CLIENT MEMO: Bannon Endorsement Hurts Republicans
In September, we teamed up with 0ptimus and found that Donald Trump’s endorsement had absolutely no impact on the Alabama Senate runoff. Some interpreted the results as a win for Steve Bannon, who supported the winner of the runoff. While we saw no evidence in our data from Alabama that showed Bannon’s actions changing the trajectory of the race, we wanted to learn more about what voters thought about the Breitbart editor and former White House staffer. We interviewed 2,435 likely midterm voters in Florida, Wisconsin, Ohio, Pennsylvania, and Virginia to learn more.
Key takeaway: Steve Bannon is highly toxic among general election voters and not helpful with Republican voters.
- Nearly four in 10 voters (37.2%) say an endorsement by Bannon would make them less likely to support that candidate. Only one in 10 (10%) voters would be more likely to support a candidate who’s received Bannon’s endorsement. A combined 52.8% said they either do not know Bannon or that his endorsement would make no difference.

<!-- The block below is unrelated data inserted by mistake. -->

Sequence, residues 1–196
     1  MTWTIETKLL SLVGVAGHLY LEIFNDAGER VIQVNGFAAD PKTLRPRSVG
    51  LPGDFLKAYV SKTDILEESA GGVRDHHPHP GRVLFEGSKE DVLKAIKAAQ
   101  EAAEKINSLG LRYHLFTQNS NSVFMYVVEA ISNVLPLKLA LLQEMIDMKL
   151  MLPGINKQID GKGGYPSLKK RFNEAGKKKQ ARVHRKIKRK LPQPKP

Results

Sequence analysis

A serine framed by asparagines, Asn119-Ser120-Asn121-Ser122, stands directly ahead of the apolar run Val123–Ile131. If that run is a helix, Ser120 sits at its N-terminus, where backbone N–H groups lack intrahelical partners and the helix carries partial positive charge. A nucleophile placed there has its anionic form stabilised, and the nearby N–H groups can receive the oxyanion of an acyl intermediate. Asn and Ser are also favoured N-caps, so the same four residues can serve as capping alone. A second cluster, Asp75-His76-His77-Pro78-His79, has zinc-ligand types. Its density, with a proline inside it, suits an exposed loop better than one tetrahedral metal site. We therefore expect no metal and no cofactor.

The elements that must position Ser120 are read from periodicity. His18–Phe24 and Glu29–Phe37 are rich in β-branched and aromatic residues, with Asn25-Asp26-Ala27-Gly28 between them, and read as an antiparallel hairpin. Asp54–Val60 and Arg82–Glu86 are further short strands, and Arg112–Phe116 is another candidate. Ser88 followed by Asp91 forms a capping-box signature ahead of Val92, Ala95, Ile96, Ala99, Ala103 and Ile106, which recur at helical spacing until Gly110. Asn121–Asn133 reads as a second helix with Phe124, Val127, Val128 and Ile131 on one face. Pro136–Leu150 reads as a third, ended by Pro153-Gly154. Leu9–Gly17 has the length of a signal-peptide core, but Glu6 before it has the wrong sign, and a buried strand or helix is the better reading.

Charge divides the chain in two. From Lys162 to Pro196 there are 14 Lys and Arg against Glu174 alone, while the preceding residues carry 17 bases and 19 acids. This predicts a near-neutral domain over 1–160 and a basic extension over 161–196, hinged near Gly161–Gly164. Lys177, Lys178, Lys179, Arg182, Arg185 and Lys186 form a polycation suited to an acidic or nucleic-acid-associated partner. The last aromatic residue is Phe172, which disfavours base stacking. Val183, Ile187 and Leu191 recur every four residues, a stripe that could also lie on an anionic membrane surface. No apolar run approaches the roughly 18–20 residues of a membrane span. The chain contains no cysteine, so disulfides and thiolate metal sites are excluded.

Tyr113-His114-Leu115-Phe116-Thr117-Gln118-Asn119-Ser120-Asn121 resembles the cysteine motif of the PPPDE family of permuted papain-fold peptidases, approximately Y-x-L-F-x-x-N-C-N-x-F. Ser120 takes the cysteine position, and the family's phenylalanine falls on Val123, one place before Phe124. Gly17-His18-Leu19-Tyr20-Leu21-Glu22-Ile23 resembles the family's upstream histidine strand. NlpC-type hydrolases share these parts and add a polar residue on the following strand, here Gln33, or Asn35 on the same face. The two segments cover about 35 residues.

- An endorsement by Donald Trump would hurt a candidate with a similar number of voters (43.2%), but the potential upside is much more significant: 1 in 3 voters (33.1%) say they are more likely to support a candidate that Trump supports.
- Bannon’s endorsement does not help candidates with Republican voters. Fewer than one in 7 (13%) of Republican voters said they would be more likely to support a candidate that Bannon endorses, while the same number (13.9%) of Republicans say they would be less likely. In contrast, four in 10 (40.2%) of Republican voters said they would be more likely to support a candidate that Donald Trump endorses, while one in 7 (14.1%) say they are less likely.
Methodology: Between 10/27-10/28, we surveyed 2,435 modeled likely midterm voters in Florida (N = 699), Wisconsin (N = 330), Pennsylvania (N = 384), Virginia (N = 601), and Ohio (N = 421) via IVR, landline only. Likely voters were defined as anyone having voted in the 2010 or 2014 midterm elections, plus the 15% additional most likely to turnout based on in-house turnout score modeling. Margin of error varies by question and segment, but is generally +/- 2.2% for topline results. Sample was weighted by state, age, gender, and party based on 2014 midterm turnout in the latest L2 voter file for each state. Results were then re-balanced based on these cohorts.